Hazard was so rattled by the potential ramifications to her professional reputation that she went to the police. She also complained to the University of Sydney, Dietz’s employer. In response the university said Hazard had not provided it with enough evidence to take the complaint further.
The university declined to answer specific questions from Guardian Australia, but said it was “aware of certain complaints” about Dietz and was “making inquiries as a matter of priority”.
“We are unable to make further comment while the process is ongoing,” a spokeswoman said.
“While our academics are entitled to express their own opinions, and would defend their right to do so, we consider recently reported statements from Dr Dietz to be unacceptable and in conflict with the university’s own position, policies and practices. We are absolutely committed to our ongoing work to achieve a positive workplace culture and gender equity in Stem, including medicine and health.”
A Nepean Blue Mountains local health district spokesman did not answer questions from Guardian Australia about the number of complaints received about Dietz or whether they supported his comments at medical conferences.
“Almost 74% of our staff are female,” the spokesman said. “They are valued members of our clinical and professional teams.”
SBS news first reported that Dietz sent an email to committee members of the NSW medical union stating the workforce was “increasingly vulnerable because it’s increasingly female and not exactly prepared for adversity because school and uni are ‘safe spaces’ [sic].”
“Suicides are one result,” he wrote. “Inability to cope with everyday nastiness is another.”
Further reports have since emerged.
Dr Aimee Sing, a consumer advocate with Homebirth Access, complained to numerous bodies about Dietz after he had a letter published in a Blue Mountains local newspaper accusing her of taking a 1:100 risk of her or her baby dying by choosing to have a home birth for her second child, given she had a caesarean for her first.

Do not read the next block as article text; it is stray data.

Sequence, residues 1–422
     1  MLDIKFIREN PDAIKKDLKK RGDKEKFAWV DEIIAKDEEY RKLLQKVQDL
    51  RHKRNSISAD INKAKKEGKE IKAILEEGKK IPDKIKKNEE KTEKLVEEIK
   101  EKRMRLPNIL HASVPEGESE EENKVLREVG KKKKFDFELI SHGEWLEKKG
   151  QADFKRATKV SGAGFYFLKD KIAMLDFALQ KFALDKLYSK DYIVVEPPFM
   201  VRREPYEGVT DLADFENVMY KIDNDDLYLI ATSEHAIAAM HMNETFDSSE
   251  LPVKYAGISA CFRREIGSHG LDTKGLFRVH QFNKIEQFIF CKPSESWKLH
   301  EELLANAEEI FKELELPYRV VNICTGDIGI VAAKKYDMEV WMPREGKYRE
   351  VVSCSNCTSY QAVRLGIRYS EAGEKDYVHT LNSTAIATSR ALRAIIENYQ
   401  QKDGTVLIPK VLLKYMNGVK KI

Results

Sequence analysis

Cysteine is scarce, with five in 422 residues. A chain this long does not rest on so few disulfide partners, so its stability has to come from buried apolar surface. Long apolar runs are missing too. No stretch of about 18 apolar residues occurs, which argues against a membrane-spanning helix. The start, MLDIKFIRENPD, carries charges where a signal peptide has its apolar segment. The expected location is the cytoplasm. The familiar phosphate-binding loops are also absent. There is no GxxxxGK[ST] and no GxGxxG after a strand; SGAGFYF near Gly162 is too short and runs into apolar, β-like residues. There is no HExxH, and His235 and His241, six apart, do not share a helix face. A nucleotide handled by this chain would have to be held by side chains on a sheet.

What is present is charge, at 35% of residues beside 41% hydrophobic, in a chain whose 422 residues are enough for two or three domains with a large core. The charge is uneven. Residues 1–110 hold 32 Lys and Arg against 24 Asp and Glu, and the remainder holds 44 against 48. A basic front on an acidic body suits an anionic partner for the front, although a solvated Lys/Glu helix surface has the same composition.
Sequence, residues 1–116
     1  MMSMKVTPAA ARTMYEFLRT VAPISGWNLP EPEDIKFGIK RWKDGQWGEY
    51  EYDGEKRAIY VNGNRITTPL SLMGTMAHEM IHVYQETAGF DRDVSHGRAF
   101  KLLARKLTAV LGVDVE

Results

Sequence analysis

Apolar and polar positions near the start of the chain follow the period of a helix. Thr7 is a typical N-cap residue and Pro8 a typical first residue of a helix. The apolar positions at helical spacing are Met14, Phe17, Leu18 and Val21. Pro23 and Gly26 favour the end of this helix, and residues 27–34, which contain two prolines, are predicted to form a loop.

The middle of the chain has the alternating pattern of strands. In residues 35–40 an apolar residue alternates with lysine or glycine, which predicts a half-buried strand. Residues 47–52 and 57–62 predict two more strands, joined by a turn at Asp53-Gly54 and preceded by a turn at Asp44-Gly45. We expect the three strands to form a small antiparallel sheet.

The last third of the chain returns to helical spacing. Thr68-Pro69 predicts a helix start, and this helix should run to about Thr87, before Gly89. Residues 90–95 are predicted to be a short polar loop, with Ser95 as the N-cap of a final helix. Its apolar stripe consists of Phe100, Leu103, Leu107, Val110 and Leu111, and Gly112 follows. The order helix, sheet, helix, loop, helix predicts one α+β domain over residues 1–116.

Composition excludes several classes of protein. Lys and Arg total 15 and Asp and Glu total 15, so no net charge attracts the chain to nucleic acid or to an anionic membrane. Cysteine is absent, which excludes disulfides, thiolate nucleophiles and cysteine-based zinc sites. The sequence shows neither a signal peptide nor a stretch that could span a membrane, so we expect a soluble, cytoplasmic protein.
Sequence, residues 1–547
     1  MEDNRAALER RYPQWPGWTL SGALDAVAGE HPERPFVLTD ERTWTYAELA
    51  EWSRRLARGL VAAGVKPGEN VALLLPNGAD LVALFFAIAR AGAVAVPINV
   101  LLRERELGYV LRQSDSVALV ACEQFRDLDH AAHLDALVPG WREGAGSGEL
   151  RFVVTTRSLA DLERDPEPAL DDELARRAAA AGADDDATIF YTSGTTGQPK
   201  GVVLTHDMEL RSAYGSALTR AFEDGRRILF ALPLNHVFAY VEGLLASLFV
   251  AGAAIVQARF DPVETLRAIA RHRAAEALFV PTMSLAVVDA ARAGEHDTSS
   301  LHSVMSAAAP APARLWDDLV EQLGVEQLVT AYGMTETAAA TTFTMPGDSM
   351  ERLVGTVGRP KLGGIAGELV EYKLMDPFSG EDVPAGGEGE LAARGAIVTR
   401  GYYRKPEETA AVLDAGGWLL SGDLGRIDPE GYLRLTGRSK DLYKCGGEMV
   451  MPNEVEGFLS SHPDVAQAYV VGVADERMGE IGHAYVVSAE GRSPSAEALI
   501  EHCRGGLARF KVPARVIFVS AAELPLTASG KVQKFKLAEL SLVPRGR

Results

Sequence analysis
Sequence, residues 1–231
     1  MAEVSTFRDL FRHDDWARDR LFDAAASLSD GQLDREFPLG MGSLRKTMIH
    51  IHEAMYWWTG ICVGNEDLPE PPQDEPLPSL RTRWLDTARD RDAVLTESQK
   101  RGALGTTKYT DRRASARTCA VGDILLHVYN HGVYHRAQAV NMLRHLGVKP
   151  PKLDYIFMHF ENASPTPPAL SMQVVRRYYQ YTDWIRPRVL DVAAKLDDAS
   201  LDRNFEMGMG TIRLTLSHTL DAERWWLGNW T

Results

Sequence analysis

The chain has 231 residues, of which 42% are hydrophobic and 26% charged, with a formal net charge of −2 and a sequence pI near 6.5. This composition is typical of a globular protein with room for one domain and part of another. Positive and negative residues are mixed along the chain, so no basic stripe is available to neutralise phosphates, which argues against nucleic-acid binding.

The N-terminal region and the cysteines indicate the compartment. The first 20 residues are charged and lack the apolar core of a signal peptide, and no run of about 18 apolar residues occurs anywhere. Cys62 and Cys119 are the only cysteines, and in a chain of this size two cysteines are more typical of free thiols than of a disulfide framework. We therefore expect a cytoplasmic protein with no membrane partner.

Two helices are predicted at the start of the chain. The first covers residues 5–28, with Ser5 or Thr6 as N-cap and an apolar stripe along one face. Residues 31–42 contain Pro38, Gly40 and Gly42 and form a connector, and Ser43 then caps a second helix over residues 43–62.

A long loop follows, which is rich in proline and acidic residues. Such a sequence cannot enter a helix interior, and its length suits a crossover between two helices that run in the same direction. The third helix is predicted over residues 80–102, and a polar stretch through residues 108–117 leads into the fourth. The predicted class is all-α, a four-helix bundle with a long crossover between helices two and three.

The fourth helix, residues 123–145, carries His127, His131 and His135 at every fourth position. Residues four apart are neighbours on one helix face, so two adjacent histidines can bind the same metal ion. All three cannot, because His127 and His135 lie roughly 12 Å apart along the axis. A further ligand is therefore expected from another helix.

Peer-reviewed journal articles report that women with a prior caesarean scar hold a 0.5%-0.7% chance of uterine rupture, and the chance of their baby dying if they rupture is 6-14% and that of the mother dying is up to .01%. Based on these numbers, the risk of a baby dying due to uterine rupture during a vaginal birth is at most .098%.
Midwife Oceane Campbell also told Guardian Australia she had been disrespected by Dietz, this time at a medical seminar in Newcastle in 2017 where he was a guest speaker. She said she was “really shocked about the offensive language he used around women’s bodies and birthing”.
“He was referring to different perineal tears and showing diagrams of tears, and he referred to one third-degree tear as a ‘bomb site’.”
When Dietz showed attendees a graph detailing tear rates following vaginal birth, Campbell asked a question, which she said prompted Dietz to begin shouting at her.
“I said my understanding is the weight of the pregnancy on the pelvic floor increases the risk of incontinence after a certain number of pregnancies, [and] this is the case whether you have a caesarean or vaginal birth,” Campbell said.
“He snapped at me. He looked angry … he [was] nearly frothing at the mouth. He was red-faced and was so hostile and he said ‘you don’t know what you’re talking about’. He called my intelligence and profession as a midwife into question. In the end the host had to ask him to stop.”
A midwife who attended an obstetrics conference in Sweden that Dietz also attended told a similar story of Dietz’s attitude. “The thing that startled me most and upset the doctors as well was that he said that it was not good to be a female obstetrician working with female midwives,” she said.
“He said this would lead to a competition between the two professions as they both want to care for the woman in labour. It was so strange that he said this with an audience of almost only women gynaecologists and obstetricians. And in Sweden where almost all women call themselves feminists, where we try really hard to collaborate.”
The president of the Royal Australian and New Zealand College of Obstetricians and Gynaecologists, Dr Vijay Roach, criticised Dietz’s comments.
“RANZCOG unequivocally refutes the recent comments made by Prof Dietz,” he said. “The workplace only benefits from the full and equitable participation of women, and any vulnerabilities requires attention to underlying systemic inequities. Prof Dietz’s language has no place in the speciality of obstetrics and gynaecology or medicine more broadly.”
Dietz did not respond to requests for comment.